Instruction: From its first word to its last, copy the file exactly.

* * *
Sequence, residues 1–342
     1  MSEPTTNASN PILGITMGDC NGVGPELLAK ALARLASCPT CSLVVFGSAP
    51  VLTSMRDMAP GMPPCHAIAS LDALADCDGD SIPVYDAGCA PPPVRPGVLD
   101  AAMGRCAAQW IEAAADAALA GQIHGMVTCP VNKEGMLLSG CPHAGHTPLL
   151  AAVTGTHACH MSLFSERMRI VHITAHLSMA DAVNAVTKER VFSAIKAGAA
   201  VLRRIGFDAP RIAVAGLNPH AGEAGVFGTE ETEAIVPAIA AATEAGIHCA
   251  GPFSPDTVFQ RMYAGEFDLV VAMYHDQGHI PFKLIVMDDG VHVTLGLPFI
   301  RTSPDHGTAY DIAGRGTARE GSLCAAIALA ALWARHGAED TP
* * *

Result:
Sequence, residues 1–342
     1  MSEPTTNASN PILGITMGDC NGVGPELLAK ALARLASCPT CSLVVFGSAP
    51  VLTSMRDMAP GMPPCHAIAS LDALADCDGD SIPVYDAGCA PPPVRPGVLD
   101  AAMGRCAAQW IEAAADAALA GQIHGMVTCP VNKEGMLLSG CPHAGHTPLL
   151  AAVTGTHACH MSLFSERMRI VHITAHLSMA DAVNAVTKER VFSAIKAGAA
   201  VLRRIGFDAP RIAVAGLNPH AGEAGVFGTE ETEAIVPAIA AATEAGIHCA
   251  GPFSPDTVFQ RMYAGEFDLV VAMYHDQGHI PFKLIVMDDG VHVTLGLPFI
   301  RTSPDHGTAY DIAGRGTARE GSLCAAIALA ALWARHGAED TP